Through comparative study with European and American practices, this part puts forward suggestions for improving the current examination standards for compound patents in China, especially the examination standards for inventiveness issue.
Continue Reading Stability Analysis of Patents with Compound Subject Matter during Invalidation Stage

Continue Reading 2019年度特許復審・無効十大審判事件(機械関連)紹介

At the end of the year 2019, the Supreme People’s Court of the People’s Republic of China (“SPC”) made a retrial judgment on administrative dispute over the invalidation request against the renowned liquor brand “Jiang Xiao Bai”.
Continue Reading “Jiang Xiao Bai” Trademark Invalidation Case Selected as Typical Case in SPC’s Annual Report of 2019 on Intellectual Property Cases

On December 30, 2019, Guangzhou Tianhe District People’s Court issued a judgment granting trade dress protection for two iconic handbag series designed and sold by a famous luxury good company1.
Continue Reading PRC Courts Grant Trade Dress Protection for Handbags which Overall Appearance is a Combination of Generic Design Elements

by Zhang Xiaoxia  KING & WOOD MALLESONS


On 27 February 2018, the General Office of the Central Committee of the Communist Party of China (CCCPC) and the General Office of the State Council issued the Opinions on Several Issues Concerning Heightening Reform and Innovation in Intellectual Property Right Trial Field. The second part of Article 2 specifically stresses two points: “First, adhering to the value orientation that intellectual property rights create value, and right holders deserve interests in return. A judicial determination mechanism for damages, with compensation as the principal means and punishment as the supporting means, shall be established, and the problem of “low-value compensation” in action against infringements on intellectual property rights shall be resolved first. Second, tightening punishment for infringements on intellectual property rights and reducing enforcement costs.
Continue Reading Principles for Determining Damages Compensation in Intellectual Property Cases

By Mia Qu, Hannah Sun and Wendy Dong King & Wood Mallesons’ Dispute Resolution group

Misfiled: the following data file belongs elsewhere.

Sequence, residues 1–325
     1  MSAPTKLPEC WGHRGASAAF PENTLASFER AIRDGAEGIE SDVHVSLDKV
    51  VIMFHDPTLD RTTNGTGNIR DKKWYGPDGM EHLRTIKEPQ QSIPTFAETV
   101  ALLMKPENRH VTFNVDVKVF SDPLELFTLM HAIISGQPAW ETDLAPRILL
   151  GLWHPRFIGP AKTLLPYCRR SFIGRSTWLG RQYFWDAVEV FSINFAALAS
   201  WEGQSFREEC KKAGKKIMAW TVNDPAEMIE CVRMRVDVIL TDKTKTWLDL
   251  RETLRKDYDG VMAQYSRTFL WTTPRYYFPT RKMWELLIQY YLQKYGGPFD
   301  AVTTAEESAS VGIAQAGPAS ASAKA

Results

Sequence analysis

qu_miaoTo protect your IP rights, sending potential infringers a Cease & Desist Letter or Warning Letter (the “Letter”) is one of the most common tools. Is it a necessary step before starting any legal proceedings in China?What legal consequences does it entail? Are there any issues that must be attended to? How effective is the Letter? This article will try to project a bird’s eye view regarding everything you should know before sending the Letter to your potential infringers.

Purpose of Sending the Letter

Sending the Letter is not a condition precedent for the right holder to initiate legal actions in China. The purpose of sending the Letter includes:
Continue Reading Everything You Should Know before Sending a Cease & Desist Letter in China

by Li Zhongsheng, King & Wood Mallesons’ IP group

li_zhongshengOn behalf of Qualcomm Incorporated, King & Wood Mallesons (“KWM”) recently asserted several standard essential patents (SEPs) against Meizu, a Zhuhai-based handset manufacturer. Meizu concluded a license agreement with Qualcomm on fair, reasonable, and non-discriminatory (FRAND) terms, in settlement of the royalty dispute after it was threatened with an injunction.. Article 24 of the Supreme People’s Court Interpretation of Issues of Application of Laws in the Handling of Patent Infringement Disputes (II) (“Judicial Interpretation II”) was the legal basis on which Qualcomm accused Meizu of patent infringement. This essay is a preliminary consideration of that article.

Article 24 of Judicial Interpretation II (“Article 24”) consists of four paragraphs.
Continue Reading Patent Disputes and Article 24 of Judicial Interpretation II

By Joshua Fisher and Michael Swinson  King & Wood Mallesons’ Melbourne office.

捕获The “internet of things” or “IoT” may be the defining technology buzzword of our age. Certainly just about every technologist is busy explaining how the IoT will revolutionise the ways in which businesses work and societies function.

Yet, as IoT systems and devices proliferate, so do the security implications. While many benefits of the IoT can only be realised by expanding the ecosystem of interconnected IoT devices, this can also be one of its greatest flaws; networks are only secure as their weakest link.

Many readers will already be familiar with some of the more famous examples of IoT vulnerability, such as the demonstration at the 2015 Black Hat of taking control (remotely) of a Jeep Cherokee travelling at over 110kph or the recent incident when IoT-connected CCTV video cameras and DVR players were used to facilitate one of the largest internet denial of service attacks in history. However, despite the high level of awareness of these security issues, industry is yet to take a coordinated approach to dealing with these matters.
Continue Reading Who’s afraid of the IoT? IoTAA Security Guideline